There are some films that reward the audience instantly for sticking with it and then there are others that require multiple viewings before one can truly understand the director’s goal. Keyhole is a film that fits in the latter category. It can be processed in different ways depending on the number of times you see it. The question is how many people will be willing to sit through the film more than once?
Taking its cue from both Homers’ The Odyssey and traditional ghost stories, Keyhole follows a gangster named Ulysses (Jason Patric), who returns to his childhood home in a quest to be reunited with his wife Hyacinth (Isabella Rossellini). Aided by Denny (Brooke Palson), a woman who drowned but is now back to life, and a bound hostage, Manners (David Wontner), Ulysses must make way his way through each room in the house. Complicating issues even further, Manners is actually Ulysses’ son, although Ulysses does not realize it. As he makes his way to the bedroom where his wife and the spirit of her father are (Louis Negin), Ulysses slowly begins to recollect all the events of his past.
Those going into Keyhole expecting The Odyssey told as a 30s gangster tale will sorely be disappointed. Even director Guy Maddin himself has stated that he views the film as “an autobiography of a house”. While it is obvious that the house has witnessed a lot over the years, it does not necessarily make for a coherent tale. Keyhole often feels like a piece of art that only the artist, in this case Maddin, truly understands.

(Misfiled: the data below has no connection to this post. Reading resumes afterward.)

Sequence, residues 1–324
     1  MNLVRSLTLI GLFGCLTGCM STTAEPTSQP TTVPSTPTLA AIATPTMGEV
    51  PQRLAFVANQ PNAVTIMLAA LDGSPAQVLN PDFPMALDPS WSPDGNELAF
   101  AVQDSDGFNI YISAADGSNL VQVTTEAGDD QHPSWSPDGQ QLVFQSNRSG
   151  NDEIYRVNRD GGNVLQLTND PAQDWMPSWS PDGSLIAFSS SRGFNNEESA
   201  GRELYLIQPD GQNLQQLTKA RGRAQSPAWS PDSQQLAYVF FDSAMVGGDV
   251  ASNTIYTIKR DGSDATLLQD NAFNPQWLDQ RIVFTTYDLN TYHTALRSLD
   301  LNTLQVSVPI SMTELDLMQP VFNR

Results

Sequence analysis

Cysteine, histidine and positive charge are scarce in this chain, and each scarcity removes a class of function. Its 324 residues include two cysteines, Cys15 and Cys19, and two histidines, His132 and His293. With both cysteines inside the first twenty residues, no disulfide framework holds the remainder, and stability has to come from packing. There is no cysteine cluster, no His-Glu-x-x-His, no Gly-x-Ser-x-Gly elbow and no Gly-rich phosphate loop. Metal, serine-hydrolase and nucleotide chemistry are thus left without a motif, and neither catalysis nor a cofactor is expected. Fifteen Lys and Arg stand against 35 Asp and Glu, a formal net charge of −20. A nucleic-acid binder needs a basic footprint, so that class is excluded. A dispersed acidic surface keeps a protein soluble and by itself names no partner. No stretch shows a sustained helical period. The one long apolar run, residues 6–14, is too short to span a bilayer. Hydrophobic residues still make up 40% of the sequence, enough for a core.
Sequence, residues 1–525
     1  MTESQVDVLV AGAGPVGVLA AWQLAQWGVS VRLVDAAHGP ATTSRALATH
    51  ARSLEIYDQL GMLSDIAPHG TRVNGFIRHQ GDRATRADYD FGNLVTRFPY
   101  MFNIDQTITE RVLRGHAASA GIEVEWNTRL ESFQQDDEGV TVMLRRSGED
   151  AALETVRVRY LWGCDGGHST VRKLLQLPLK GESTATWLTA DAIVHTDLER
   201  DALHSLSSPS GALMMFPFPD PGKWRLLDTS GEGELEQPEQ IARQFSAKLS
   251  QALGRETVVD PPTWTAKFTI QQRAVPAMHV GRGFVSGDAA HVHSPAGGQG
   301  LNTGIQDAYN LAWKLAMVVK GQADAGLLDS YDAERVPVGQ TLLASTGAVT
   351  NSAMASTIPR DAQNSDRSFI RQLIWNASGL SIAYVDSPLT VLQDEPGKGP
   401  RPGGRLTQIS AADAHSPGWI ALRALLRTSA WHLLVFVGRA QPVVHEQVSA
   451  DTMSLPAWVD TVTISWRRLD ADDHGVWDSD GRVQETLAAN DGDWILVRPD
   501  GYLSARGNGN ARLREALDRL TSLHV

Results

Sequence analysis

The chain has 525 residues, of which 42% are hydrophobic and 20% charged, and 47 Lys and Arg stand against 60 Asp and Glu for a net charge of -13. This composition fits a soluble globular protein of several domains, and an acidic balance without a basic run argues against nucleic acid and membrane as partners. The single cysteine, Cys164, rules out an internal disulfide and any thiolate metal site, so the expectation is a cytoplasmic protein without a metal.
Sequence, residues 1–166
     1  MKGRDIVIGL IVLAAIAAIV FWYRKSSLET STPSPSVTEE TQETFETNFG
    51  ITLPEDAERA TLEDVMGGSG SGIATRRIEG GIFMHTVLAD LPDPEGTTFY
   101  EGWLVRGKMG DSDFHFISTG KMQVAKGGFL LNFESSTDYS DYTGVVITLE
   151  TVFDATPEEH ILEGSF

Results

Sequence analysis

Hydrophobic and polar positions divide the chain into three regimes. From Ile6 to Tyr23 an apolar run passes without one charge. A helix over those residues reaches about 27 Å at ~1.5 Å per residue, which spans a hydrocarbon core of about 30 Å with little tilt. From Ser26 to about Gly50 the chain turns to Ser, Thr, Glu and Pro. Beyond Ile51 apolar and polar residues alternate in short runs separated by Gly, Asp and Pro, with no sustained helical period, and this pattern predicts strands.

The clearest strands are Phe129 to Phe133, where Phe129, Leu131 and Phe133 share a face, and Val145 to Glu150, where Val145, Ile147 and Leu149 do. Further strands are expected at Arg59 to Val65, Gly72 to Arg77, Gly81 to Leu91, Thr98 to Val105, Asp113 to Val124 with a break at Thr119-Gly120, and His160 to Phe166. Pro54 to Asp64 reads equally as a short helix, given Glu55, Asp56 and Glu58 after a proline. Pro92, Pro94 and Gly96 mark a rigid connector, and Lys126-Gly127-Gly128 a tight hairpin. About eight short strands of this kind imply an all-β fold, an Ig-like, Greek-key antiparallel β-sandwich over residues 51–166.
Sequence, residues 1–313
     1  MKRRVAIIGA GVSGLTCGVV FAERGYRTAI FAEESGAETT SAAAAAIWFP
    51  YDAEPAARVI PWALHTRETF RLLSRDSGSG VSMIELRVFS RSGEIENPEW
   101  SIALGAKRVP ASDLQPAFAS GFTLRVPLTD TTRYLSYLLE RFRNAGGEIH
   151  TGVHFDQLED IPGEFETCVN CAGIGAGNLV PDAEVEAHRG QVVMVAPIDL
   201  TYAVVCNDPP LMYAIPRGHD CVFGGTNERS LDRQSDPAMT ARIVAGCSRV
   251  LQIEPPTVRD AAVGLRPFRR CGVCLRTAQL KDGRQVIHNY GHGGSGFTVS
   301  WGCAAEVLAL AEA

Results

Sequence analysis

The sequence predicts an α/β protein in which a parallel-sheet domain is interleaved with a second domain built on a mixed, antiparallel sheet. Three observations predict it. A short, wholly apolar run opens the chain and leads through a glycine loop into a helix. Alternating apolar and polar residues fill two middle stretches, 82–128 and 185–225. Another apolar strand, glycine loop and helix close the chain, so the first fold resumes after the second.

Diehard Guy Maddin fans may eat up Keyhole’s artistic excess but most others will find the film impenetrable to decipher. The frustrating thing about Keyhole is that it has the potential to be a very good film. If nothing else, the film is far from boring as Maddin injects the film with humour and several inspired moments. Setting the entire film in the confines of one house does the story a grave disservice as many of Maddin’s ideas are never fully realized.
Despite featuring the acting talents of Patrics, Rossellini, Negin, and Udo Kier, the performances in the film are all over the place due in part to the uneven level of melodrama in Maddin’s script. The actors rarely seem to be on the same page in regards to what the overall tone should be. Again, everything may actually come together nicely upon multiple viewings of Keyhole, but it is tough to think that anyone besides hardcore Maddin fans would want to subject themselves to this mess more than once.